Tista' taqra bil- Malti.
Bringing about good governance did not just require a change of mentality for the government, according to Justice Minister Edward Zammit Lewis; the private sector also needed to follow suit.
Zammit Lewis was winding up debate on an extensive bill concerning the proceeds of crime. The bill was approved unanimously in its second readings, though PN MPs suggested it could be strengthened through the introduction of unexplained wealth orders (UWOs), allowing assets to be seized if their legitimate origin cannot be proven.
Earlier in the day, PN MP Claudio Grech said that he understood that introducing UWOs would require courage, but emphasised that it would render the existing bill into a very strong one.
In response, Zammit Lewis said that the bill was in any case a brave one which would help open a new chapter, before insisting that bringing about good governance went beyond laws.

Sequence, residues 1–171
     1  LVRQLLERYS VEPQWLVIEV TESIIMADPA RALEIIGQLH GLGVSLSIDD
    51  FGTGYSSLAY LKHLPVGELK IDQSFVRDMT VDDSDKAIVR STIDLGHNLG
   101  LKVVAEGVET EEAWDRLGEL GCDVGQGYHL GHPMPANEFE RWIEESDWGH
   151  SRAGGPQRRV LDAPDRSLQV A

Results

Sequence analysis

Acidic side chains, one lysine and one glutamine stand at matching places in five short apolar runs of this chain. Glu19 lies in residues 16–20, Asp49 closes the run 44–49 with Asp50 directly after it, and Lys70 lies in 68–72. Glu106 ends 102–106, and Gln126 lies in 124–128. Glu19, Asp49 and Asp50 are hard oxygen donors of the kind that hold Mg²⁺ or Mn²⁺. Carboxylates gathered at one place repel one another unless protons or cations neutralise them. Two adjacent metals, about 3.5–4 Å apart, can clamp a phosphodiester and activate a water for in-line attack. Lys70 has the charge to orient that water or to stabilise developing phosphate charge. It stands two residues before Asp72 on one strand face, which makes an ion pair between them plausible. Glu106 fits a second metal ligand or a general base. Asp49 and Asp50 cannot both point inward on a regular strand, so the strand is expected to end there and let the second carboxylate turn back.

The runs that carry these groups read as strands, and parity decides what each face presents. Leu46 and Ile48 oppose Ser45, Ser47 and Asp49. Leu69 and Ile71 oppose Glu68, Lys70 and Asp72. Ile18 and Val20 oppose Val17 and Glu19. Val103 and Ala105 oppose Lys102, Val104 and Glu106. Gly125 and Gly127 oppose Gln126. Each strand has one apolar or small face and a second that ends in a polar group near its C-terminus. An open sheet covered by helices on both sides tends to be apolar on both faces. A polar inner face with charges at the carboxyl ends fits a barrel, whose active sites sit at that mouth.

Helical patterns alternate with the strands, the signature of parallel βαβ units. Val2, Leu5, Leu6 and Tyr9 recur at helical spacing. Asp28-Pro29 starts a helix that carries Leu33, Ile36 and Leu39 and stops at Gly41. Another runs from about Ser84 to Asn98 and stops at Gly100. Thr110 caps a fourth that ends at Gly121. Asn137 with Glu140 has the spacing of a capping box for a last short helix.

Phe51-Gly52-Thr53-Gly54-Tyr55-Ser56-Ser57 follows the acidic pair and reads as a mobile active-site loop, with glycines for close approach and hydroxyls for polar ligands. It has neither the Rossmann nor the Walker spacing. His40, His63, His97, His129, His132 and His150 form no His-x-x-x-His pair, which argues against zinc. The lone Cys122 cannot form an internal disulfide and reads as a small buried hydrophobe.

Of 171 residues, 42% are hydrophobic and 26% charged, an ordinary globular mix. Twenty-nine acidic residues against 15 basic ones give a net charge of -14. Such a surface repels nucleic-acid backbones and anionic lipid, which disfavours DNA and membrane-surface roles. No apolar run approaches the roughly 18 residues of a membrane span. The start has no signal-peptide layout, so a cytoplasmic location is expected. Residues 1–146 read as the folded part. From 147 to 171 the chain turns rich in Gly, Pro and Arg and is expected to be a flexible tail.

He also highlighted that the authorities already looked into unexplained wealth in various cases, including when it came to social security benefits and criminal investigations.
Apologise and turn a new leaf – Fenech Adami
In his own speech, Fenech Adami argued that the various reforms that the government had introduced in recent months sought to rebuilt from scratch what had been destroyed in the past few years.
He highlighted that former PM Joseph Muscat had been chased out of office, and with his resignation on Monday, had now also been chased out of Parliament
But he lamented that the Labour Party chose to eulogise its former leader, highlighting Muscat’s dubious honour of being named man of the year in crime and corruption by the Organised Crime and Corruption Reporting Project (OCCRP) in 2019.
The government, Fenech Adami insisted, could not keep defending people like Muscat, stating that Malta was still suffering the consequences of the reputational damage he wrought.
“Apologise,” he insisted. “This country is in need of courage, and you need to turn over a new leaf.”